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Thursday, December 07, 2006

Cameron in Brussels

Mixed messages from the Cameron trip to Brussels.

This morning the hard stuff:
"The Common Agricultural Policy is an economic and humanitarian disaster which pushes up food prices for the poorest in Europe and helps lock the developing world into poverty. And the EU still has higher trade barriers against poor countries than it does against rich."

"If a company director failed to sign off accounts for 11 years, they would probably be heading for jail,"

"We are a new generation. We have no time for the culture of hopelessness that has plagued the way the EU has often attempted to address the big global challenges we face."
All sounds like part of the new "gritty agenda".

This afternoon though, he was more EU-friendly:

“Everybody keeps going on about how disconnected Europe is. Let’s get the Doha trade round started, trade justice is what will connect the EU with voters – rather than the EU picking the fluff out of its own navel,” he said.

“Climate change is what people take to the streets to protest about and the EU has the power to do something. We have a positive message on Europe. There is a new agenda. This is about being positive on the environment, getting change for ACP countries.”

Describing institutional reform as “the boring bit” of European affairs, Cameron said his conviction that Brussels can secure change without a constitution has the backing of many in the European commission.

“Commissioner Dimas was very optimistic that emissions trading can be made to work under the current set up,” he insisted.

“Emissions trading is a great example of what I am talking about. The architecture is already there to make it work…we do not need institutional reform to do this.”

Daisy has more pictures (mostly of Nick Watt's head).

Tory home have condensed it into four issues: global poverty, climate change, fighting fraud and economic competitiveness. They write that: "
They neatly combine Euroscepticism with modernising messages on the environment and poverty."

So what to make of it?

Basically in some ways they are on the right track - definitely in terms of picking the "right fights to have".
The question is whether/how they now refine it into a clear set of detailed goals and campaigns. It's not 100% clear which way they are going to go yet.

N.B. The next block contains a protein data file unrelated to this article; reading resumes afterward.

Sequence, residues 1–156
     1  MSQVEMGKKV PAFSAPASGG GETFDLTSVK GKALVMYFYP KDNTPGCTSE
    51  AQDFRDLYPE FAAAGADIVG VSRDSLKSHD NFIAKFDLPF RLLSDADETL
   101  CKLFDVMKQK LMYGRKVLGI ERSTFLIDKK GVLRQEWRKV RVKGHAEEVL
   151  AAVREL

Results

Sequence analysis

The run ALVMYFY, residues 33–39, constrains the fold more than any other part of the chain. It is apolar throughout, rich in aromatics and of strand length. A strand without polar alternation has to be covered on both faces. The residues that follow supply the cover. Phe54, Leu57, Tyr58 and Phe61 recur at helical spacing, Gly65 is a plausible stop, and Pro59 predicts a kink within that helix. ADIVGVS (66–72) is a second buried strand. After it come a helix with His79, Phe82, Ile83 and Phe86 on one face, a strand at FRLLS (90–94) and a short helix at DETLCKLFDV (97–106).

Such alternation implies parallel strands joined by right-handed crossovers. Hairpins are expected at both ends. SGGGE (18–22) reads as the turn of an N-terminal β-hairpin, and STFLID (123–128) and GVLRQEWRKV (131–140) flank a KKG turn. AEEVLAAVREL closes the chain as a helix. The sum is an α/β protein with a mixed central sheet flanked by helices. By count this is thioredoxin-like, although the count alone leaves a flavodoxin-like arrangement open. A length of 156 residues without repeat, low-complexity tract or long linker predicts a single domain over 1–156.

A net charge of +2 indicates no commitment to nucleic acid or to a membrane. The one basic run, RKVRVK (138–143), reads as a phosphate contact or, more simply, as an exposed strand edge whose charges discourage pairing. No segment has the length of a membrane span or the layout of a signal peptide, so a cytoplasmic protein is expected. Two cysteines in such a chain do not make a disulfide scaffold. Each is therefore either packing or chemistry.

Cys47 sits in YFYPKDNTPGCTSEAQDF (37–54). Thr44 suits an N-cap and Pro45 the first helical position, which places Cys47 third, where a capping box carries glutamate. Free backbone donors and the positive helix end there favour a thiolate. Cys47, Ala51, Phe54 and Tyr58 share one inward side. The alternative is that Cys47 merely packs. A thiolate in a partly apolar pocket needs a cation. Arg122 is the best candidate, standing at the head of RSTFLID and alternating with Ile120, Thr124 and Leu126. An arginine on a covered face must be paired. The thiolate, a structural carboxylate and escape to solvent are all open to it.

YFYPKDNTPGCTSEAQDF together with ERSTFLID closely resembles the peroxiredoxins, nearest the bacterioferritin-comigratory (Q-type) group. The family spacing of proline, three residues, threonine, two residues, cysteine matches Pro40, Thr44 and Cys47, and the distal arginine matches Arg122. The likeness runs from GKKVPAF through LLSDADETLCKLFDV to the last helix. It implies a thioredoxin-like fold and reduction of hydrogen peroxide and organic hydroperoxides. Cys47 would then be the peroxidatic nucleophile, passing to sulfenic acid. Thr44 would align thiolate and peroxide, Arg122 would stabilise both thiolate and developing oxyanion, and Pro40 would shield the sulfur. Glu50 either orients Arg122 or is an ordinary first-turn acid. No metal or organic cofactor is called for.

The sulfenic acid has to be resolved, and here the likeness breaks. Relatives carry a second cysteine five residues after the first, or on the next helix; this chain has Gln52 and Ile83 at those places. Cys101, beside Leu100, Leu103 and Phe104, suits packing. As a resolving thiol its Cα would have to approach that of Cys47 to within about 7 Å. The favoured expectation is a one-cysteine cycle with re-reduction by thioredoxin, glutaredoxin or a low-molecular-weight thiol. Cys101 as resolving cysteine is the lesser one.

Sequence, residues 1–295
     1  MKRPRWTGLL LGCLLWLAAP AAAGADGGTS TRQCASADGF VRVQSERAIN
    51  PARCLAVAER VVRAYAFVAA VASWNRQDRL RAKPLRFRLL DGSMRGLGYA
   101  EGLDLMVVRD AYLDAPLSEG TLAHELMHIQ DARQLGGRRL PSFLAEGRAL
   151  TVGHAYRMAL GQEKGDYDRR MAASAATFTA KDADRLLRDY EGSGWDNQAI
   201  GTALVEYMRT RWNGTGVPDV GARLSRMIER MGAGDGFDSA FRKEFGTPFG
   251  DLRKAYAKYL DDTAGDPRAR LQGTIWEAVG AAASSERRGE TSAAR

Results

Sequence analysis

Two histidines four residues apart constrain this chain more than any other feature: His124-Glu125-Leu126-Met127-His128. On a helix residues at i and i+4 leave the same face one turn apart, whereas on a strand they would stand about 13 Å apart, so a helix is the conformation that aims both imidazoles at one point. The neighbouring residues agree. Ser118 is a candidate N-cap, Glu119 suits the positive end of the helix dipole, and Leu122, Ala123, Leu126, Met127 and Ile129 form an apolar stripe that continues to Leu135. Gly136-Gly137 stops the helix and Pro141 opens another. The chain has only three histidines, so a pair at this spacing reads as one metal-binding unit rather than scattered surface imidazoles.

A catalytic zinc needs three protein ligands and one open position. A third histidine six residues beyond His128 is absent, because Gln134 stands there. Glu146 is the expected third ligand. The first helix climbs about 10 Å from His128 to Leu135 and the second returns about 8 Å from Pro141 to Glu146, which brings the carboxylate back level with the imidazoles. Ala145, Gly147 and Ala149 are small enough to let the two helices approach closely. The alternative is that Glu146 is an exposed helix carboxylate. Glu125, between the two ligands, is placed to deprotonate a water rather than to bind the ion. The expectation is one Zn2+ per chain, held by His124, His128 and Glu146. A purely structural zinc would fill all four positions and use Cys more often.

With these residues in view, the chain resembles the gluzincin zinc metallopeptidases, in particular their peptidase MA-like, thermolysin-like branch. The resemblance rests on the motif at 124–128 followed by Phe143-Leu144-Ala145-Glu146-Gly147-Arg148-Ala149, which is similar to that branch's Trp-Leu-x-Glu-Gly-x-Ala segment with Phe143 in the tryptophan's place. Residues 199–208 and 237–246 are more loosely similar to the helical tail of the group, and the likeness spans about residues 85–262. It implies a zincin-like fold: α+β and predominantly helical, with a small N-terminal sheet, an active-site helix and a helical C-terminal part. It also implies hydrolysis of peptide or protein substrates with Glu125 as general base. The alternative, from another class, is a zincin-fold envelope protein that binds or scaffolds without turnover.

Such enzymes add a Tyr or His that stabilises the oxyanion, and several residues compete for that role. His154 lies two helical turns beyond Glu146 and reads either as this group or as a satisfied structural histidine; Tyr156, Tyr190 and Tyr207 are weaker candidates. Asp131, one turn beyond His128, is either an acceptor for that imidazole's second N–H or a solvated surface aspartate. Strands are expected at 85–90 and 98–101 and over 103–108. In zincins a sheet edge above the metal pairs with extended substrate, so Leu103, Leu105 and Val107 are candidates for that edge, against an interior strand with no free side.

If the tories bought into the Commission & FCO's repositioning line that "the Commission has changed and are now on Britain's side" they would be in real trouble. The bottom line is that despite Barosso talking a good game on deregulation and free trade, the EU regulatory burden is still going up and up; and on trade the EU is the biggest obstacle to a pro-development Doha round. It seems like Cameron is not inclined to believe the hype on those issues.

On the environment things are a bit more mixed. Quite a lot of tories really want to back the ETS because it's green and will make them look softer on Europe. The only snag is that its an expensive failure, and doesn't reduce emissions (as sources as diverse as the Carbon Trust, the FT, the Environment Agency, and the Economist have now pointed out).

Anyway - it's good that they are re-engaging with the issue a bit. But they have a long way to go. Given that the Constitution (sadly) isn't dead - and is in fact coming back in March next year - they don't have long to turn around the way they deal with the issue.


Anonymous said...

Who is daisy and how does she know david cameron - we should be told????

Anonymous said...

Memo to DC:

1) Your counting is as bad as the EU's accounting - it's now 12 years in a row, not 11, that the COA has refused to 'discharge' the books. (It's easy to remember - for the next 11 months at least - it's one year of "continuing problems in the olive oil sector" and "vast enterprises of looting" for every star on the blue/gold flag.)

2) If you think the EU, via the ETS (ahem) or any other construct, can be good for the environment, ask Owen Paterson MP (on your side, handles Transport) to explain the Common Fisheries Policy to you. Better still, read his Green Paper on it.

3) When we talk about the "EU" what we really mean is "the CAP" - it takes 45% of its budget. Without the CAP there would be no EU as we understand it today. Rightly, you say it's a monstrosity that condemns the third world. And while we have the CAP we cannot - repeat, CANNOT - achieve "trade justice [and so] connect the EU with voters". You may very well wish to try to square this circle but please do so in your own time, it's a waste of Short money otherwise.

4) You might find "institutional reform" boring but without it none of your ambitions for the EU will ever come to anything. Besides, most people would like some reform, so that they know their money is being spent wisely (boring for multimillionaires like you, I know), or so that they can, come election time, throw out whoever dreamt up the WTD legislation that closed their A&E department. Boring, I know.

5) I'm bored of that green tie of yours. I understand it's meant to have subliminal qualities but change it.

6) The EU cat will never bark so stop deluding yourself or trying to delude us.

Anonymous said...

Interesting, are we about to witness the end of europhobia in the UK with British political parties engaging frontly on EU issues? With 1) Blair future campaign on winning hearts and minds on Europe and 2) Cameron and his "charm offensive" on the EU?
I wonder how guys like William Hague feel about Cameron visit? Is Cameron still asking Tory MEPs to leave the EPP?